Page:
Sometimes character can be hard to nail down. Janice Hardy shows how to make critical character traits part of your plot (rather than an infodump), Ellen Mulholland explains using your own traits to develop a character, and Martina Boone shares 3 steps for nailing your author and character voice. Gavin McCrea talks about inventing the inner life of real people in historical fiction. If you are using real people in your story, know the legalities. Helen Sedwick discusses invasion of privacy as it applies to writing.

The road to finishing a book can be bumpy. When you’ve stalled out, or aren’t happy with what you’ve got, C.S. Lakin gives us 10 key questions to ask of your story and Melissa Donovan lists 23 fiction writing ideas that will revitalize your story. Sometimes routine is what gets you through the rough patches, so Tanya Golash-Boza describes how to develop a daily writing habit.

Once you’ve finished the draft, the revision starts. John Adamus discusses why editing matters, Rachelle Gardner has 5 things to do before hiring a freelance editor, Tracy Gold lists 43 words to kill, Nat Russo asks: does it serve the story?, and Corina Koch MacLeod and Carla Douglas share 4 options for a fiction manuscript evaluation.

Mark Alpert thinks the highest hurdle comes after you’ve finished revising and want to move on to another book. Melissa Donovan urges us on with the ultimate guide for writing better, Keith Cronin introduces an improvement to the standing desk, and Joe Moore reminds us that writers are magicians—we create an illusion.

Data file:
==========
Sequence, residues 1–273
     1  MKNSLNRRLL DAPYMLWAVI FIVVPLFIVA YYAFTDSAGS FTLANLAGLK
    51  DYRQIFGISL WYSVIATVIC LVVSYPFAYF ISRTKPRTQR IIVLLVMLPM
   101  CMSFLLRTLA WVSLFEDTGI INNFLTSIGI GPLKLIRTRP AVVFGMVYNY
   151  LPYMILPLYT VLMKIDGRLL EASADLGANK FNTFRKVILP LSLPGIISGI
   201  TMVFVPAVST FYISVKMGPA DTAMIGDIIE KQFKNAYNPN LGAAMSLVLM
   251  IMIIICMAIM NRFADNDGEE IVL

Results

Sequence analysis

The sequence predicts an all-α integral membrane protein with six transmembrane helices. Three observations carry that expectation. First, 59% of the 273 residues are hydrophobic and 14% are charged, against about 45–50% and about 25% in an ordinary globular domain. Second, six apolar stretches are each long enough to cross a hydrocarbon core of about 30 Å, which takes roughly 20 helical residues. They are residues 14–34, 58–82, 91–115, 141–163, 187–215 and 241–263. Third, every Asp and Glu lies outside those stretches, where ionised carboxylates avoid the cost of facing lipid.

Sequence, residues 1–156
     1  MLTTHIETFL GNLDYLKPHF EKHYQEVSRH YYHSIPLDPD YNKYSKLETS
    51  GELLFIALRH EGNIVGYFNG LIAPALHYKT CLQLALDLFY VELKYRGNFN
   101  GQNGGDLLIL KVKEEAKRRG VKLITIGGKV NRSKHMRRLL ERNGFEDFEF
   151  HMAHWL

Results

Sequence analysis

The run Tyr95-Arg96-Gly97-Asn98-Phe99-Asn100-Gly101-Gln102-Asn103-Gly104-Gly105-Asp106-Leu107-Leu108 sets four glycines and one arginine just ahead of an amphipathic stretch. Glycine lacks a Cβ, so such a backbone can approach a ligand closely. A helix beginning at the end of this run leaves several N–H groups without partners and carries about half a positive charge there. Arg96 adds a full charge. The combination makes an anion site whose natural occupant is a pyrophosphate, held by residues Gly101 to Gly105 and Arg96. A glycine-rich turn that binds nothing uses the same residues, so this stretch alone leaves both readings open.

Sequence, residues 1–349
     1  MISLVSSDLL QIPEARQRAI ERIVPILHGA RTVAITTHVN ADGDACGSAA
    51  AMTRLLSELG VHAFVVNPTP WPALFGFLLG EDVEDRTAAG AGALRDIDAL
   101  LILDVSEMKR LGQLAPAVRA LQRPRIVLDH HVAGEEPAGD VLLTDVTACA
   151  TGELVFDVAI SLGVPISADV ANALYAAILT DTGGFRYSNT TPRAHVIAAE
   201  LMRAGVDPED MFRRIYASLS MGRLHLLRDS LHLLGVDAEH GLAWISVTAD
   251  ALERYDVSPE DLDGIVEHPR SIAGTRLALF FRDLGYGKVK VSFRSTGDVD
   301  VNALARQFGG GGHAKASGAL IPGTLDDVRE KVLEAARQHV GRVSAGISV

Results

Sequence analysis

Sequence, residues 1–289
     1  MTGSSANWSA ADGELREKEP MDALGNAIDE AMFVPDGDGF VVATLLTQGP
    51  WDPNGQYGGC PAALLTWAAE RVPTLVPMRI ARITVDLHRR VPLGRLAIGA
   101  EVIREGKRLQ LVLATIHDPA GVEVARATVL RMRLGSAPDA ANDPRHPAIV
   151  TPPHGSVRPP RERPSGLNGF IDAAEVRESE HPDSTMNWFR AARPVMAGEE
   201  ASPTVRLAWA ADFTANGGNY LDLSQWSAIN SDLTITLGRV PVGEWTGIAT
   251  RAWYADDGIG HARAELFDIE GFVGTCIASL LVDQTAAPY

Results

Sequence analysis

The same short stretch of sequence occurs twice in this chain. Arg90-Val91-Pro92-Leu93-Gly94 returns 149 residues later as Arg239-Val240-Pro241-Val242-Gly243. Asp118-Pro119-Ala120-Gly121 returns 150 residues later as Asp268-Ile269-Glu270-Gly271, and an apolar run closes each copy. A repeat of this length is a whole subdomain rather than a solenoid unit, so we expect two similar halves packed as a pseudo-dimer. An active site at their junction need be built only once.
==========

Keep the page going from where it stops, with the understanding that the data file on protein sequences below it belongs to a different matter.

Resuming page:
Sometimes mindset is more important to success than talent. Jade Varden shows us the art of being stubborn, Mary Vee tells us how to avoid distractions, Grace Wynter dissects how pressure, perception, and probability stymie new writers, and Claudia Harrington reminds us that success isn’t exclusively found in the big moments.


Authors are doing more and more on the business end of writing. Jami Gold completes her blog series exploring the various publishing paths for indies, and Jane Friedman makes 5 observations about the evolution of author business models.

If you decide to query to agents, Martina Boone shares 5 online resources you should consult when querying. Janet Reid tells us how publishers define “unpublished” works, and she gives us a great list of questions to ask a potential agent. Chuck Sambuchino adds 15 questions to ask an agent before signing. Agent Danielle Burby of HSG Agency seeks YA, mystery, women’s fiction, and fantasy, so try your luck if you fit the bill.